View record details
  • Positive size and scale effects of all-cellulose composite laminates

    Dormanns, J.W.; Weiler, F.; Schuermann, J.; Müssig, J.; Duchemin, B.J.C.; Staiger, M.P. (2016)

    Journal article
    University of Canterbury Library

    Negative size effects are commonly reported for advanced composite materials where the strength of the material decreases with increasing volume of the test specimen. In this work, the effect of increasing specimen volume on the mechanical properties of all-cellulose composites is examined by varying the laminate thickness. A positive size effect is observed in all-cellulose composite laminates as demonstrated by a 32.8% increase in tensile strength as the laminate thickness is increased by 7 times. The damage evolution in all-cellulose composite laminates was examined as a function of the tensile strain. Enhanced damage tolerance concomitant with increasing specimen volume is associated with damage accumulation due to transverse cracking and strain delocalisation. A transition from low-strain failure to tough and high-strain failure is observed as the laminate thickness is increased. Simultaneously, scale effects lead to an increase in the void content and cellulose crystallinity at the core, with increasing laminate thickness.

    View record details
  • Complementary characterization data in support of uniaxially aligned electrospun nanocomposites based on a model PVOH-epoxy system

    Karimi, S.; Staiger, M.P.; Buunk, N.; Fessard, A.; Tucker, N. (2016)

    Journal article
    University of Canterbury Library

    This paper presents complementary data corresponding to characterization tests done for our research article entitled “Uniaxially aligned electrospun fibers for advanced nanocomposites based on a model PVOH-epoxy system” (Karimi et al., 2016) [1]. Poly(vinyl alcohol) and epoxy resin were selected as a model system and the effect of electrospun fiber loading on polymer properties was examined in conjunction with two manufacturing methods. A novel electrospinning technology for production of uniaxially aligned nanofiber arrays was used. A conventional wet lay-up fabrication method is compared against a novel, hybrid electrospinning–electrospraying approach. The structure and thermomechanical properties of resulting composite materials were examined using scanning electron microscopy, dynamic mechanical analysis, thermogravimetric analysis, differential scanning calorimetry, Fourier transform infrared spectroscopy, and tensile testing. For discussion of obtained results please refer to the research paper (Karimi et al., 2016) [1].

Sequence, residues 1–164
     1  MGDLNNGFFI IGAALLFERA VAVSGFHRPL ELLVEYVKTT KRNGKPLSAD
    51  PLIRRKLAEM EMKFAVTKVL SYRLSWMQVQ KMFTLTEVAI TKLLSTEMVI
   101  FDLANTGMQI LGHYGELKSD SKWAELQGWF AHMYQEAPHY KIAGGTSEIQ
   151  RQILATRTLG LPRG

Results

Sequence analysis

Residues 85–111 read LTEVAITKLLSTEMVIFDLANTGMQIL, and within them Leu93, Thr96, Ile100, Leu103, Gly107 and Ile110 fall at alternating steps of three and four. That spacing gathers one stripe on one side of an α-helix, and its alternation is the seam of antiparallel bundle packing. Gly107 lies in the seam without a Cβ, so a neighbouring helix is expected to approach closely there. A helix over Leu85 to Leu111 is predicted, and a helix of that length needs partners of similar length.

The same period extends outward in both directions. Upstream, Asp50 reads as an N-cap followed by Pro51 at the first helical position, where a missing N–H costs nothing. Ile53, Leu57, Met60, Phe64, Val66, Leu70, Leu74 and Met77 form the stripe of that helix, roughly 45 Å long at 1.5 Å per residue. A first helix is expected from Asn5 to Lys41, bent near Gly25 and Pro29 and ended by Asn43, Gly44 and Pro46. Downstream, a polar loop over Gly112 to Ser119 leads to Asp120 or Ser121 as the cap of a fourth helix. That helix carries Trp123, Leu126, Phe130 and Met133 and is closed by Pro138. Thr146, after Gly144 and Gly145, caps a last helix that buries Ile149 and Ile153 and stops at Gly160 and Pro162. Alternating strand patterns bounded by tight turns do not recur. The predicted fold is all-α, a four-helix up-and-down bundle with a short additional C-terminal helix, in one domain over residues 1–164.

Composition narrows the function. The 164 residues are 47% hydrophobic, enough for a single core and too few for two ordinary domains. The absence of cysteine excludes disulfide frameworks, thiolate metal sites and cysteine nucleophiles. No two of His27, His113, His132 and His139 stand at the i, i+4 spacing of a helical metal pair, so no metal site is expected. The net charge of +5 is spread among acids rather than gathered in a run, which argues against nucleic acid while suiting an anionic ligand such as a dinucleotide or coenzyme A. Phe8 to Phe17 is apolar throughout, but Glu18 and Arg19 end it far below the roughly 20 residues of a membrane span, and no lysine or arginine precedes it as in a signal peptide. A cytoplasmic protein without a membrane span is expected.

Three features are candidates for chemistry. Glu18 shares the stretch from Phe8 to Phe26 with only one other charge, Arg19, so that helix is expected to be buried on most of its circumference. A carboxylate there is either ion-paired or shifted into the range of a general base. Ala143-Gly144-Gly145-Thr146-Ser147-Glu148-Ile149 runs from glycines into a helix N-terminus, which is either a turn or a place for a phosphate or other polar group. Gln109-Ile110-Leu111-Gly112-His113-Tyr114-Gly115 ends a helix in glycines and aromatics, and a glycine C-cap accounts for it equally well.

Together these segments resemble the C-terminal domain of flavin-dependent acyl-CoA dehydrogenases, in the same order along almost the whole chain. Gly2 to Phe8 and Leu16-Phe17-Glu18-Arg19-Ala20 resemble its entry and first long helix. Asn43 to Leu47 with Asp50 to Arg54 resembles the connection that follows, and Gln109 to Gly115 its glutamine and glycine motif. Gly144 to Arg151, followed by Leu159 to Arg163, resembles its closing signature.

View record details
  • Assistive technology for relieving communication lumber between hearing/speech impaired and hearing people

    Akmeliawati, R.; Bailey, D.; Demidenko, S.; Gamage, N.; Khan, S.; Kuang, Y. C.; Ooi, Melanie; Gupta, G. S. (2017-05-10T05:40:10Z)

    Journal article
    Unitec

    This study proposes an automatic sign language translator, which is developed as assistive technology to help the hearing/speech impaired communities to communicate with the rest of the world. The system architecture, which includes feature extraction and recognition stages is described in detail. The signs are classified into two types: static and dynamic. Various types of sign features are presented and analysed. Recognition stage considers the hidden Markov model and segmentation signature. Real-time implementation of the system with the use of Windows7 and LINUX Fedora 16 operating systems with VMware workstation is presented in detail. The system has been successfully tested on Malaysian sign language.

    View record details
  • Efficient analytical moments for the robustness analysis in design optimisation

    Rajan, A.; Ooi, Melanie; Kuang, Y. C.; Demidenko, S. (2017-05-10T05:40:07Z)

    Journal article
    Unitec

    System uncertainties play a vital role in the robustness (or sensitivity) analysis of system designs. In an iterative procedure such as design optimisation, the robustness analysis that is simultaneously accurate and computationally efficient is essential. Accordingly, the current state-of-the-art techniques such as univariate dimension reduction method (DRM) and performance moment integration (PMI) approach have been developed. They are commonly used to express the sensitivity while utilising the statistical moments of a performance function in an advanced design optimisation paradigm known as the reliability-based robust design optimisation (RBRDO). However, the accuracy and computational efficiency scalability for increasing the problem dimension (i.e. the number of input variables) have not been tested. This study examines the scalability of the above-mentioned pioneering techniques. Additionally, it also introduces a novel analytical method that symbolically calculates the sensitivity of the performance function prior to the iterative optimisation procedure. As a result, it shows a better computational cost scalability when tested on performance functions with increased dimensionality. Most importantly, when applied to real-world RBRDO problems such as the vehicle side impact crashworthiness, the proposed technique is three times faster than the mainstream method while yielding a high quality and safe vehicle design

    View record details